Self-Care and Boundaries for People in Relationships
It’s the dream: you find that one person you can truly love who loves you in return. You merge your lives and have an eye on the big happily ever after. One of the most important aspects of achieving this is maintaining a healthy relationship where each partner is supported, and their needs met. Experts have been looking for the formula of a successful relationship for as long as people have fallen in love. When you’re in love, how do you keep from getting lost in someone else or sacrificing your well-being for your partner’s? Sometimes we need to set boundaries to make things work smoothly.
Set and Respect Boundaries
It might seem like walls between you and your partner would lead to distance and a barrier to a happy, cohesive life. Boundaries can be the very opposite, though; they can set up guidelines to help partners care for each other and keep each other safe and comfortable. Boundaries are essential in reducing conflict and ensuring that both partners create space to have their values respected and adhered to. No matter how in love a couple is, if one partner values a clean kitchen and the other doesn’t see a big deal in letting dirty dishes sit around for a few days, there’s going to be friction.
An effective boundary can be very simple or emotionally loaded. The important thing is to know yourself and what you require to feel safe, secure and loved. For example, a simple boundary might involve housework. A more emotionally charged boundary can have something to do with previous trauma. While the former involves picking up wet towels, the latter might include being aware of psychological triggers and how to keep them out of the relationship.
The key to a good boundary is in compromise. Anywhere in a relationship that values clash, compromise is the thing that makes it all work. In the dishes scenario, it might not be manageable to instruct both partners to clean all dishes immediately. It might be better to give the messier partner a roomy timetable — all dishes done by bedtime. The important thing is to have that boundary in a place that’s comfortable for both parties.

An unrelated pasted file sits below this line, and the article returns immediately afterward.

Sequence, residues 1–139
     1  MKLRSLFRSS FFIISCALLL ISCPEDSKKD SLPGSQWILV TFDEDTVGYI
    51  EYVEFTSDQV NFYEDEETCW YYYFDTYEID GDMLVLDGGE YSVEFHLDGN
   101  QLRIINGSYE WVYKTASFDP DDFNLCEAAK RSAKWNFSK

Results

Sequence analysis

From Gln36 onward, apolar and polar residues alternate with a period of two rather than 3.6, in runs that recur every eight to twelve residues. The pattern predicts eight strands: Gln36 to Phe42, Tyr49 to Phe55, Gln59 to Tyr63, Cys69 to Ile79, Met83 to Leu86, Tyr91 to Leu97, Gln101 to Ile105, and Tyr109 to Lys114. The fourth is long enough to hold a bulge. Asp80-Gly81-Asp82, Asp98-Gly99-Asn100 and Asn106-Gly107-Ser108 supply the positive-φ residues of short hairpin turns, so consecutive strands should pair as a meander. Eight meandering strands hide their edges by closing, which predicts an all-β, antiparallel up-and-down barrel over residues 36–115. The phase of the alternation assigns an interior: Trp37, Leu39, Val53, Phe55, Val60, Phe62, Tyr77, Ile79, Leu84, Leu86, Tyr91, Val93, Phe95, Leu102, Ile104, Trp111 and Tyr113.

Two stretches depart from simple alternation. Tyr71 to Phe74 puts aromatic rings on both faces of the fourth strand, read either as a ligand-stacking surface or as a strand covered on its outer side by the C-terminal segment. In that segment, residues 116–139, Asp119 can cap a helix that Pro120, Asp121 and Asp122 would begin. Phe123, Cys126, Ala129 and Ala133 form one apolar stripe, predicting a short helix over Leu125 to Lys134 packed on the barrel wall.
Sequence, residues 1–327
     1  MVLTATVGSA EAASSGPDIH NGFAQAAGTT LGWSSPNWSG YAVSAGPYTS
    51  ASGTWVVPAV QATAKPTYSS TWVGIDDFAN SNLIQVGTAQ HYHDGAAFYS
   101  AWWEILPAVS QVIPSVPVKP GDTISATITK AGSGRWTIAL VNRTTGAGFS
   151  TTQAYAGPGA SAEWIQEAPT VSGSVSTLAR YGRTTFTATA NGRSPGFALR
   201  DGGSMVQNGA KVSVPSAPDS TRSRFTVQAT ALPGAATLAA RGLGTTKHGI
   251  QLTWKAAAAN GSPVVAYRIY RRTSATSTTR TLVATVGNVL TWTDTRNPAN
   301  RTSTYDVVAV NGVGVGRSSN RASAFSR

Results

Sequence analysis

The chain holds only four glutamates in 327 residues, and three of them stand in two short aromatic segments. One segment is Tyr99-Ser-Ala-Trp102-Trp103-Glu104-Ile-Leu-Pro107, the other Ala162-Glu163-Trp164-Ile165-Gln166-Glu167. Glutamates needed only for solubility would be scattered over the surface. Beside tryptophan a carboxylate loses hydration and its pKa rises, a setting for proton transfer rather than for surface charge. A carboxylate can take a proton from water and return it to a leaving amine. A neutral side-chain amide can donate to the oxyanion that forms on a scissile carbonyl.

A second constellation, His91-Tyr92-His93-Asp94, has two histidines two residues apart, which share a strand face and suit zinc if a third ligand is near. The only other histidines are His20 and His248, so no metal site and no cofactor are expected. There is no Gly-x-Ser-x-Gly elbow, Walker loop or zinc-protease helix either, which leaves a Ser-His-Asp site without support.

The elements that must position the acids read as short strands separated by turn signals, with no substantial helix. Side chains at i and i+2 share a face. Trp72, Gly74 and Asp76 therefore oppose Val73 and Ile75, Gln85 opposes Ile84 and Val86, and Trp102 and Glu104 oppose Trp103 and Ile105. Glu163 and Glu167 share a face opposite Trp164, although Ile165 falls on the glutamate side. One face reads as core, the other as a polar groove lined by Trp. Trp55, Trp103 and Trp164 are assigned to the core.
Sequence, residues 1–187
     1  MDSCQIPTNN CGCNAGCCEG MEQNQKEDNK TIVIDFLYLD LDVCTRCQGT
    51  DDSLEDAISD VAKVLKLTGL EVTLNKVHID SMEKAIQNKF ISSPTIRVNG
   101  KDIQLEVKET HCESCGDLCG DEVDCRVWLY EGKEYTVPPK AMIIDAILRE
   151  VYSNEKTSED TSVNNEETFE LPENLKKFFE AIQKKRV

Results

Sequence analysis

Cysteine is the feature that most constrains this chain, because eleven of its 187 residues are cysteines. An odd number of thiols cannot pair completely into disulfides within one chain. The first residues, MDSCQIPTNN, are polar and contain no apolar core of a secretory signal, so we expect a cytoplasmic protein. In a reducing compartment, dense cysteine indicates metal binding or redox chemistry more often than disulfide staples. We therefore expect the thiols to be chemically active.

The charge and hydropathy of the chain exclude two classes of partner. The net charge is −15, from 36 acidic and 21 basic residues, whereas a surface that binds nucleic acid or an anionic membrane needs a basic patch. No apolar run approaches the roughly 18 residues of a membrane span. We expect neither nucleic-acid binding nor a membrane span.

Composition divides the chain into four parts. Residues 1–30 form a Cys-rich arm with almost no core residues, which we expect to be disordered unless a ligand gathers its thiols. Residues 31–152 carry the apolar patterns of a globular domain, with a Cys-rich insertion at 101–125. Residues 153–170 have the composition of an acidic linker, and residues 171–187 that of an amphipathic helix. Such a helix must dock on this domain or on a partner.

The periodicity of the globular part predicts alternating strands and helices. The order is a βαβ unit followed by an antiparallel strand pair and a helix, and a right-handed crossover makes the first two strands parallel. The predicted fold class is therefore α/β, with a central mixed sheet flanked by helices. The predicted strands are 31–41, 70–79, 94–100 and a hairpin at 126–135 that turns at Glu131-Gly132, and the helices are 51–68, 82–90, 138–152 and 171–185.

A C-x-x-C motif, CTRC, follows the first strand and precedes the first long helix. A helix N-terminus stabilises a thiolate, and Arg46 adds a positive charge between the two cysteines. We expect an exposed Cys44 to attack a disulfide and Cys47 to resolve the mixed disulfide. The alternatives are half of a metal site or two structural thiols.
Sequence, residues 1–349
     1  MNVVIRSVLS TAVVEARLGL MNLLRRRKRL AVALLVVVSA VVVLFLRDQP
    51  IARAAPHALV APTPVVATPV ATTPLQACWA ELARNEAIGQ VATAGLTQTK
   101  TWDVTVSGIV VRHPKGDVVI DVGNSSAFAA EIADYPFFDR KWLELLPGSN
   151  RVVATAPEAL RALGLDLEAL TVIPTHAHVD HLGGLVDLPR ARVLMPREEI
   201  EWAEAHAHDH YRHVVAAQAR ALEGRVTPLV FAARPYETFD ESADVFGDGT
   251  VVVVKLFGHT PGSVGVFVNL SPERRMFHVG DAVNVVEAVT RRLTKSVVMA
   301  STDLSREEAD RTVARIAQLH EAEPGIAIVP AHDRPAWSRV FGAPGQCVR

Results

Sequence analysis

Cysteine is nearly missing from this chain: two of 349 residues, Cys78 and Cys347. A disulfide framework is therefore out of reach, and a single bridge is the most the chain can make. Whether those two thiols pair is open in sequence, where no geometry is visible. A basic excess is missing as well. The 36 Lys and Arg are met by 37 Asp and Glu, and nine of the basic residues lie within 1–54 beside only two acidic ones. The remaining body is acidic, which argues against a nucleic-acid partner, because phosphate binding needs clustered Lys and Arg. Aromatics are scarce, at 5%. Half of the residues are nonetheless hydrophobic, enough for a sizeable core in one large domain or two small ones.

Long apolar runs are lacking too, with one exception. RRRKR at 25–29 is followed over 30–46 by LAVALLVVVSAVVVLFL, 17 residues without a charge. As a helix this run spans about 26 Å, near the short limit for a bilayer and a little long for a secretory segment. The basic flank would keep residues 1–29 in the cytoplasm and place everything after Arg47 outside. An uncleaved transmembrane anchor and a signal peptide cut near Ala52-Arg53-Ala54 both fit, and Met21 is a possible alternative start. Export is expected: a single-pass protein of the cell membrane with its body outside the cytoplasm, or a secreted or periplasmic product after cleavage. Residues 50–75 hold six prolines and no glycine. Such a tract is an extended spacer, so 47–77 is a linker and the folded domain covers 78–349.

Sometimes being in a relationship is like being on an airplane when cabin pressure is failing. You have to put on your oxygen mask before you can help anyone else. In a healthy relationship, your health and well-being are absolutely vital.
Keep an eye on your stress. External stress, like work, can affect your home life and the way you communicate with your significant other. If you have stressors in your life, make sure you’re dedicating the time and effort required to manage your stress levels — relax and unwind.
Managing your stress includes managing your body as well. It’s easy to forget to eat properly or to get a full night’s sleep. This is especially important if you regularly share a bed with your partner, and they have poor sleeping habits like snoring, hogging the blankets or falling asleep with the TV on. Make sure you talk through and address your partner’s habits so you can both get a good night of rest.
Kep an Eye Out for Warning Signs
Sometimes you can try to do all the right things, and everything goes poorly. Not every relationship is the happily ever after you hope it will be. If things seem odd, or you feel uneasy, look out for the warning signs that something is wrong on a fundamental level. Are you able to talk about the tough stuff without shouting? Do you feel frequently criticized or put down? Are you constantly in the position of rescuing your partner’s poor self-esteem?
While it’s important to try to work through issues, some issues might be unresolvable. It’s important to know when a problem is unfixable, and when it might be better to free the two of you from a dysfunctional relationship. If your partner displays signs of narcissism, it’s better to separate before you suffer from lasting psychological damage, like narcissism victim syndrome. If your values conflict with each other’s to an unresolvable level, you might want to find someone whose lifestyle is more cooperative with your own. A partner who habitually cheats or shows signs of sexual addiction can put your emotional well-being at risk as well as your health. It can be difficult to walk away from someone you love, but a relationship that puts your well-being at risk is not healthy, or worth staying in.
Respect, patience, boundaries, and compromise can keep a healthy relationship afloat. It can keep two people in love, help you grow in emotional well-being and develop a beautiful life together.
About the Author
Avery T. Phillips is a freelance human being with too much to say. She loves nature and examining human interactions with the world. Comment or tweet her @a_taylorian with any questions or suggestions.